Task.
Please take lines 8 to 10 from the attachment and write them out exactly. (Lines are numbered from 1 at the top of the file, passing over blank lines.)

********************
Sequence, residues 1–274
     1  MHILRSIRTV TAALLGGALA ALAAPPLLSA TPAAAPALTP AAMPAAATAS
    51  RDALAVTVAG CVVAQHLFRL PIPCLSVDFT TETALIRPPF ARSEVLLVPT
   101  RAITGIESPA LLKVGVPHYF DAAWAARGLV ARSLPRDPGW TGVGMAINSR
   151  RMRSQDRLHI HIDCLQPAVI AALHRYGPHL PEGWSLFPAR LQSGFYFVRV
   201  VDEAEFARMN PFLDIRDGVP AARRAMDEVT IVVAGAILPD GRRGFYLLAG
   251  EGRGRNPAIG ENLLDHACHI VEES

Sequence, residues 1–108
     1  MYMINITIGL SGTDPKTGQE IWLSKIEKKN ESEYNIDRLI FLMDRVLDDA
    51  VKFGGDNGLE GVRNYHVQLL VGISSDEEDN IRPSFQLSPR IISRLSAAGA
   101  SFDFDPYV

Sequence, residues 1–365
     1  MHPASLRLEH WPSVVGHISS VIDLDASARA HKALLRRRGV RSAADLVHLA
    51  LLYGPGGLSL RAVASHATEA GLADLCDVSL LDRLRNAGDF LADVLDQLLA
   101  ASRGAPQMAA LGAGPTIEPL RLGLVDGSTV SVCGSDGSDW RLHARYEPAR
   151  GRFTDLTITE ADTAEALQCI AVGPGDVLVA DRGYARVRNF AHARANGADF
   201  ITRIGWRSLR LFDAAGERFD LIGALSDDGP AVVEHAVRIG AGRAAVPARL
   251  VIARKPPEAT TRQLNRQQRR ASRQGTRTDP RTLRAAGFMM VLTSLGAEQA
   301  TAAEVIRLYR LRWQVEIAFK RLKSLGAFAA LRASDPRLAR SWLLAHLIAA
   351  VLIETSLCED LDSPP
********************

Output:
Sequence, residues 1–108
     1  MYMINITIGL SGTDPKTGQE IWLSKIEKKN ESEYNIDRLI FLMDRVLDDA
    51  VKFGGDNGLE GVRNYHVQLL VGISSDEEDN IRPSFQLSPR IISRLSAAGA